The Way You Talk Can Grow Students’ Vocabulary
I just read a blog post written by Louisa Moats. In the piece, she discusses how to expand students’ vocabulary based on a new line of research confirming that the way teachers talk and use language with students makes a big difference.
Moats, who is an expert on phonological awareness, points out that if we have only heard a word but don’t know its meaning, we still have an advantage when we first encounter the word in print because we have a “pronunciation in memory” to which we can attach the letters. Moats explains that “this aspect of word memory is called the phonological lexicon, and it is enriched every time we listen to people speaking who use words that are new to us.”
In my Key Vocabulary Routine professional development program, we emphasize how important it is for teachers to be aware that students learn a word gradually, over numerous exposures to that word used in context. That context can be both spoken and written. When we learn a new word, we move along a continuum of never having heard the word and knowing nothing about it, to “owning” the word and using it in our speech and writing.
Receptive vocabulary (i.e., our ability to recognize something about a word’s meaning that is spoken to us or that we read) is always larger than expressive vocabulary (i.e., the words we use to communicate). I sometimes use this anecdote related to one of my sons to make this point:
Before taking the SAT’s, he was using a test prep book that included a list of what the book identified as the 500 most important words to know to be successful on the SAT’s. They were presented 50 words on a page that could be cut up into word cards. The book suggested that students sort the word cards into two piles: known words and unknown words. It then suggested that students learn the definitions of the unknown words. I’m not sure how the book authors came up with this list, and I’m pretty certain that they were not aware of research-based best practices for learning new words, but that’s another story.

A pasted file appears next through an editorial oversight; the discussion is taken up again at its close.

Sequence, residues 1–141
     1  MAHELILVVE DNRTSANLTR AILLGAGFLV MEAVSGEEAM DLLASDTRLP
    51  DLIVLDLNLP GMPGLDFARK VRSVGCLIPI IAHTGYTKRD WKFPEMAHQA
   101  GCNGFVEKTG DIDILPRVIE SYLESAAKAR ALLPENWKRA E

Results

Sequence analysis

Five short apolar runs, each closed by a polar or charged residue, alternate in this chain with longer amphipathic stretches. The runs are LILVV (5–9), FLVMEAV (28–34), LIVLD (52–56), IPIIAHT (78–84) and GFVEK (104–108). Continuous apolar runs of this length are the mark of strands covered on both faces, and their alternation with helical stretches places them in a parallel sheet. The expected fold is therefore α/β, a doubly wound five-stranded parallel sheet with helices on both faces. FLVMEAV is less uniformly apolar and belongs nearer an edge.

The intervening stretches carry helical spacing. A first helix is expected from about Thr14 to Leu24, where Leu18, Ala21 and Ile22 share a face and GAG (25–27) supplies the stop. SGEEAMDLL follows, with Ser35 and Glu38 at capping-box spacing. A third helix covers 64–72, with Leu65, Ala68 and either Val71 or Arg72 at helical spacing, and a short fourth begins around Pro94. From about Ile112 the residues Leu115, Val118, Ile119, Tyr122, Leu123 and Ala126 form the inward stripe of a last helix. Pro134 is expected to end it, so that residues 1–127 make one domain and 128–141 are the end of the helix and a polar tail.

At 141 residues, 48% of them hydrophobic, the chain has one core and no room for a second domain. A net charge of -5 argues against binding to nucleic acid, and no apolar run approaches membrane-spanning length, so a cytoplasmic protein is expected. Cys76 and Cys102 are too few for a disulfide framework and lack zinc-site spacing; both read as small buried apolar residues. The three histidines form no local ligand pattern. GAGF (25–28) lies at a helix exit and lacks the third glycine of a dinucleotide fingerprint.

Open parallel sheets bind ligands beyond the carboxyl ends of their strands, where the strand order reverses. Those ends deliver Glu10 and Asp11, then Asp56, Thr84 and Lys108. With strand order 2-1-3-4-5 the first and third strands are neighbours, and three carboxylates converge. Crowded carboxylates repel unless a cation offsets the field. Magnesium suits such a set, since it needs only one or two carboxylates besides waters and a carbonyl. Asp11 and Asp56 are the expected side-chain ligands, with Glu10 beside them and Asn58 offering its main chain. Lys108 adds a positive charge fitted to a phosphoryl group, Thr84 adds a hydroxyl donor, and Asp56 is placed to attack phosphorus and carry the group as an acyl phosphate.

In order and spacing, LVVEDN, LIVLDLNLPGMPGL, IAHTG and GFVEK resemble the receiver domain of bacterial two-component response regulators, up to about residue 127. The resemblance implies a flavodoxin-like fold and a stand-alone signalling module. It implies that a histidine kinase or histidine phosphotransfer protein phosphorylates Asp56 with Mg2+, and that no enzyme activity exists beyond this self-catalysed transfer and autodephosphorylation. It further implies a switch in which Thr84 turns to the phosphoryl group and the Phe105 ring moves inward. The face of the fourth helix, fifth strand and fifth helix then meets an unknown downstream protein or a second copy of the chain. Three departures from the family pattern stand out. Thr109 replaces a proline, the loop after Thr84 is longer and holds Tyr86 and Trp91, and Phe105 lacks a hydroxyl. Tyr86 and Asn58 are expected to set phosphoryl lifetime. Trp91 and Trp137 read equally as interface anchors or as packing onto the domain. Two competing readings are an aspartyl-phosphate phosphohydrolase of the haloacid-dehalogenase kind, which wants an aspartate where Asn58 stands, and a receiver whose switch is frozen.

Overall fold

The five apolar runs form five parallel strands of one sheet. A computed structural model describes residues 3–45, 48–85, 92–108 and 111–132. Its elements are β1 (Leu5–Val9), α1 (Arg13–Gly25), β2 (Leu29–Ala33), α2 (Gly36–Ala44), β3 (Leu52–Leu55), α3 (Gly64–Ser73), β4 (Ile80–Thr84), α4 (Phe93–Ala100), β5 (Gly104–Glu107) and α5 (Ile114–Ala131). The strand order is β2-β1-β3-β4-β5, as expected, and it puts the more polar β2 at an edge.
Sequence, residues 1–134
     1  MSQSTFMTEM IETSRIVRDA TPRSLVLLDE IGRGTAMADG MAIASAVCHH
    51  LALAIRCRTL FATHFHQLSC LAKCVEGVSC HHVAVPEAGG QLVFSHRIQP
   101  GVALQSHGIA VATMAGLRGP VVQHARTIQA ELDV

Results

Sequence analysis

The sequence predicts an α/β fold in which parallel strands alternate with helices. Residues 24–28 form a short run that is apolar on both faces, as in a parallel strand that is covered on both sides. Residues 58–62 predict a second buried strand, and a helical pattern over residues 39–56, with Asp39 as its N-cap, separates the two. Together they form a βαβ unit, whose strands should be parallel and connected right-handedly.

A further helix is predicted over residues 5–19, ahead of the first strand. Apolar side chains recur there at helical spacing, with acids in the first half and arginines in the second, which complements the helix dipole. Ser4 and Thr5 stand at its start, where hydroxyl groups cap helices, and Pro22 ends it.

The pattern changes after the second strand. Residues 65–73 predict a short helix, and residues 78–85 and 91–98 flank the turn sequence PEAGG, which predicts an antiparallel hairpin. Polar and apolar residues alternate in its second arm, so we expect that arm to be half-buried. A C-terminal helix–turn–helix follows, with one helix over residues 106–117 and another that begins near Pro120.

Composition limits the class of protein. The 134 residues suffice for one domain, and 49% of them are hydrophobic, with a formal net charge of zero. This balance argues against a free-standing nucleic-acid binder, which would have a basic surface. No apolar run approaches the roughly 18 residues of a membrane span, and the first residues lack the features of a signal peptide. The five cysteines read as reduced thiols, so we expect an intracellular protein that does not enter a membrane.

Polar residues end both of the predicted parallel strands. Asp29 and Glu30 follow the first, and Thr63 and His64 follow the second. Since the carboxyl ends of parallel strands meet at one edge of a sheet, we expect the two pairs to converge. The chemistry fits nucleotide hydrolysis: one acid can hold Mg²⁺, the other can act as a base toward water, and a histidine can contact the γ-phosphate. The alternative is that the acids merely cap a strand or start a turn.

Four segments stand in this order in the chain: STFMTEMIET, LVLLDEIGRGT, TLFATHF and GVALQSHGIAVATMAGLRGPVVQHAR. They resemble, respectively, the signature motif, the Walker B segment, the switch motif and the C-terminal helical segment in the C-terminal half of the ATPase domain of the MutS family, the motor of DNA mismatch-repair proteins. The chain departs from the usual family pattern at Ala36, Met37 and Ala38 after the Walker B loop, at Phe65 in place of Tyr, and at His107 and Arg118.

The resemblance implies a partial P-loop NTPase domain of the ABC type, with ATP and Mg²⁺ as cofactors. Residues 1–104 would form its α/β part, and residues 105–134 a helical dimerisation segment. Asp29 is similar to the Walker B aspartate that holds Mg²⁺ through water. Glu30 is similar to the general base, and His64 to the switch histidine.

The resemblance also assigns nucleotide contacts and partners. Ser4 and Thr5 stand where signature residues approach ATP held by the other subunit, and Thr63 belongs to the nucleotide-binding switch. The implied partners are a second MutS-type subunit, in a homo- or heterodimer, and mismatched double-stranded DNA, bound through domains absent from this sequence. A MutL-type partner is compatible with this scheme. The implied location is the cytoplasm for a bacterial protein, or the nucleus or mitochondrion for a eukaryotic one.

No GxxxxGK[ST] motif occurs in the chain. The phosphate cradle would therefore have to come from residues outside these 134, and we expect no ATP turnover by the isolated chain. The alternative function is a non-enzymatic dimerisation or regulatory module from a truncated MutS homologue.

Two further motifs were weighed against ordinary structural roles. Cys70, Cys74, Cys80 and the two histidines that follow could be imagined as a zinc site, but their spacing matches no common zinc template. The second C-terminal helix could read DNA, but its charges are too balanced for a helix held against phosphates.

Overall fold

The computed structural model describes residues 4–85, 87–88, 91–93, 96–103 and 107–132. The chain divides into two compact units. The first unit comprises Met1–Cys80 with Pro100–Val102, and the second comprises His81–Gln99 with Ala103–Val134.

My son approached me after sorting the first 100 words to say that he thought he would probably “fail the SAT’s” because he didn’t know most of the words on the list. I was pretty sure that he had at least receptive knowledge of many of the words in his “unknown” pile, so I asked him why he put them there. His response: “I can’t tell you what they mean and I don’t think I could use them correctly.” I suggested he start a third pile labeled “words I know a little about”. He resorted the cards – guess which pile had the most words?
One of the previewing activities in The Key Vocabulary Routine asks students to complete a task similar to the three categories I had my son use to determine his word knowledge. In a “student word knowledge” checklist, the teacher lists words along the left column of a grid. Across the top, the student has choices to describe his/her knowledge of each word. The grid can have three categories: can define, have seen/heard, don’t know (Blachowicz & Fisher, 2006), or four categories – know it well, know something about it, have seen or heard the word, do not know the word (Beck & McKeown, 2002). Sample checklists can be downloaded from the Keys to Literacy website.
Let’s get back to Moats’ article that summarizes the work of Nonie Lesaux and her research team at the Harvard Graduate School of Education. Along with the challenging vocabulary that students encounter when they read or are read to, the spoken vocabulary that teachers use in the classroom plays an important role in growing students’ vocabulary knowledge. However, Lesaux found through observational studies that teachers, unless coached, are not likely to spend the kind of time modeling vocabulary use and teaching academic words explicitly that students need to fully learn new words. Moats emphasizes the point that “students who hear teachers using sophisticated terms during classroom instruction are much more likely to learn and use them…. It is impossible for students to adopt language patterns and use words if they never hear them spoken at home or at school.”
So, what can teachers do to increase their modeling of rich language? Here are a few suggestions from Keys to Literacy programs for providing oral and written exposure to new vocabulary:
- Be conscious of your own language and be careful not to “dumb down” the way you speak by purposely choosing easy vocabulary and simple sentences.
- Speak with precision and correctness.
- Set high expectations for language use — encourage students to use precise and extended language when they speak.
- Provide language models by thinking aloud.
- Expand and recast students’ utterances.
- Ask students to paraphrase and restate what they hear and read.
- Ask students to visualize what they are reading (or during read aloud) and then provide detailed descriptions of those visualizations.
- Point out and talk about vocabulary use by good authors.
- Create a word-rich environment, including word play games such as word riddles and word challenges.
Beck, I. L. & McKeown, M.G. (2002). Bringing words to life. New York: Guilford Press.
Blachowicz, C.L.Z., & Fisher, P.J. (2006). Teaching vocabulary in all classrooms (3rd ed.). Upper Saddle River, NJ: Pearson Education.